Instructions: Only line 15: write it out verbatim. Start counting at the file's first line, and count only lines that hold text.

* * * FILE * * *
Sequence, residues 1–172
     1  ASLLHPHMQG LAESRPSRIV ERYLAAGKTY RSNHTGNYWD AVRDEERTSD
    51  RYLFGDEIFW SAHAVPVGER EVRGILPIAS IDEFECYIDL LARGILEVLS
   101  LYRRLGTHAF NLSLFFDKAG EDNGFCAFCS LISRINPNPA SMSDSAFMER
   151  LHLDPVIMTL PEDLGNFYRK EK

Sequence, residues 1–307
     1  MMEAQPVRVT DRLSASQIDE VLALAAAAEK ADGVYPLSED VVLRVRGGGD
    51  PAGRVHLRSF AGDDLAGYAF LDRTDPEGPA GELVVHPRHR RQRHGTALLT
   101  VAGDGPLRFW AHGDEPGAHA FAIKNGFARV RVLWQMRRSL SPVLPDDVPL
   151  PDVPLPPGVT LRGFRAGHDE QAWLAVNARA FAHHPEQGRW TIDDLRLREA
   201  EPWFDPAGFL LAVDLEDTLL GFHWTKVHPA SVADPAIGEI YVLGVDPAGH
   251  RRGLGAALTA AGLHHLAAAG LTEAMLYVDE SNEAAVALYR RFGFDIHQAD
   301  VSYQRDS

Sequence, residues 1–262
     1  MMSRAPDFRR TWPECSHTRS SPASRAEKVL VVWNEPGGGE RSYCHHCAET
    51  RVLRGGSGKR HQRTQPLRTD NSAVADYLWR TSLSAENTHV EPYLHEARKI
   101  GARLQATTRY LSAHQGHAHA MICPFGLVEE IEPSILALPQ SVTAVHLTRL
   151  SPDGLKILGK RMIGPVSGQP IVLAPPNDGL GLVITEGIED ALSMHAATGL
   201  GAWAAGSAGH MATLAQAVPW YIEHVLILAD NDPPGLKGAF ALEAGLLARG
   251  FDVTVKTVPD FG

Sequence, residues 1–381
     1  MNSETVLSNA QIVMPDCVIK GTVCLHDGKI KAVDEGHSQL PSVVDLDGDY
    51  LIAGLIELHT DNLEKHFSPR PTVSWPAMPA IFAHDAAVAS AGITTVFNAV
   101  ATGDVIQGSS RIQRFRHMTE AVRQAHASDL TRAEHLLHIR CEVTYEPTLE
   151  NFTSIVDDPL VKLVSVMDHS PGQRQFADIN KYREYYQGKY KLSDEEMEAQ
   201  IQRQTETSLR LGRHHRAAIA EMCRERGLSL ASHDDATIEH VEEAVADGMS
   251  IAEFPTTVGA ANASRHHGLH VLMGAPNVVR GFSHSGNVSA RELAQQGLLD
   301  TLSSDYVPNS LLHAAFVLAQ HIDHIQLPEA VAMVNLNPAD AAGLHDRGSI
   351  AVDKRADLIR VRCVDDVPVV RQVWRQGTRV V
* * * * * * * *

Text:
     1  MMSRAPDFRR TWPECSHTRS SPASRAEKVL VVWNEPGGGE RSYCHHCAET